In 2015, the freelance cartoonist Ted Rall wrote a blogpost for the Los Angeles Times in which he claimed a city police officer roughed him up in 2001. The Times then discredited his blogpost and fired him as a cartoonist. After the Times published an editor’s note stating there were “serious questions about the accuracy” of his claims, Rall sued the Times. Last week, part of Rall’s defamation lawsuit was thrown out.
“I brought this lawsuit in order to set the record straight and clear my name after the LA Times maliciously fired me and falsely characterized me as a liar as a favor to the LAPD, whose pension fund owned the parent company of the LA Times when this happened, and to the police chief, the political ally of the publisher whom I had mocked in cartoons,” Rall alleged to iMediaEthics by e-mail. “This was a disgusting, egregious conflict of interest hidden from the Times‘ readers, and it ought to be illegal.”
Rall provided iMediaEthics a copy of his complaint, which is against Tribune Company, Tribune Publishing Company, Tribune Media Company, Tribune Interactive, Tribune Media Net Inc., Tribune Publishing, Los Angeles Times Communications LLC, the Los Angeles Times itself, and four individuals at the Times, including the readers’ representative Deirdre Edgar. The lawsuit that was thrown out last week was against the four individuals. Rall’s other claims against the companies will be addressed at later court dates.
The Los Angeles Times declined to comment to iMediaEthics about Rall’s blogpost or the case.
Rall’s original May 2015 blogpost accompanied a cartoon he drew for the Times about the “LAPD’s current ticketing crackdown.” He detailed being handcuffed for jaywalking back in 2001, calling the incident “an ugly scene” and claiming an LAPD officer threw his driver’s license in the sewer, handcuffed him, “roughed me up” and ticketed him. He wrote that he complained to the LAPD and found out his case was dismissed.
The LAPD disputed his blogpost, providing an audiotape that discredited Rall’s claims of physical violence, being handcuffed, having his license thrown in the sewer and onlookers shouting, the Los Angeles Times‘ editorial pages editor Nicholas Goldberg explained in a July 2015 note to readers atop his post. In addition, the Los Angles Times noted that Rall’s written complaint to the LAPD didn’t support his claims.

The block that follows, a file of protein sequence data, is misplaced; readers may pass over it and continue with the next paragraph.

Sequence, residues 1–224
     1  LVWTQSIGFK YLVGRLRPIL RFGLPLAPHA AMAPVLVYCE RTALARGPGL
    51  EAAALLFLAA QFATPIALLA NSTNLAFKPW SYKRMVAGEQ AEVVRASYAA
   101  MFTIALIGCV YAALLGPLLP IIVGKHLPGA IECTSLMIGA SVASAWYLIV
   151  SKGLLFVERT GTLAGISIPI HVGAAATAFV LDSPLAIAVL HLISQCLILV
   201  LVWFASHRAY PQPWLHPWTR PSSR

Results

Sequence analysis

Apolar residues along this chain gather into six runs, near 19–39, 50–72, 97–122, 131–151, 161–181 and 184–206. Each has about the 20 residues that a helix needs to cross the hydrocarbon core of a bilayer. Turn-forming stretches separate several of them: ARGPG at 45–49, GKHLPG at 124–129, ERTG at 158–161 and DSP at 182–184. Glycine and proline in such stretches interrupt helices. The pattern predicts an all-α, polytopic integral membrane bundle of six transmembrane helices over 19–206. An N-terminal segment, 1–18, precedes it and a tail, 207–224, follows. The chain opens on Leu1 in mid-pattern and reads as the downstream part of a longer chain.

“In Rall’s initial complaint to the LAPD, he describes the incident without mentioning any physical violence or handcuffing but says that the police officer was “belligerent and hostile” and that he threw Rall’s license into the “gutter.” The tape depicts a polite interaction,” the Times wrote. “In addition, Rall wrote in his blog post that the LAPD dismissed his complaint without ever contacting him. Department records show that internal affairs investigators made repeated attempts to contact Rall, without success.”
While Rall stood by his blogpost and complaints, the Los Angeles Times said the LAPD’s evidence prompted “serious questions about the accuracy of Rall’s blog post.” Further, the Times said it “should not have published” the blogpost and “Rall’s future work will not appear in The Times.”
Rall told iMediaEthics this week he still stands by his post as “accurate and true” and argues that an audio enhancement of the tape the LAPD provided the Los Angeles Times backs up his claims.
In response to that editor’s note disputing Rall’s blogpost, Rall sued the Times for defamation and intentional infliction of emotional distress. Rall’s lawyer, Nare Avagyan, argued in court that the Times‘ editor’s note was unnecessary. “That is not an issue of public interest,” she said, according to the Times.
The Times, on the other hand, argued it accurately reported on official records from the police and there was no evidence of any errors in the newspaper’s editor’s note.
The judge, Los Angeles County Superior Court Judge Joseph Kalin ruled in favor of the Times‘ anti-SLAPP (strategic lawsuit against public participation) motion, to Courthouse News Service.
In a blogpost after the verdict, Rall criticized the ruling, but said “the fight continues.” Rall explained his case is being handled in three “tranches” and that the next lawsuit will be heard July 28th. “Perhaps in order to run up her legal fees, LA Times attorney Kelli Sager split the defendants’ anti-SLAPP motions against me into three tranches of defendants, each with its own set of documents and hearing dates,” he claimed.
The Los Angeles Times declined to comment to iMediaEthics on the case or Rall’s blogpost.
In a 2015 story about Rall’s firing, the New York Observer reported on Rall’s past. “In 2004, The New York Times dumped him—even cleaned out the archives of his work—for a cartoon called ‘Terror Widows’ that depicted the wives of September 11 victims greedily counting the riches they received in settlements.”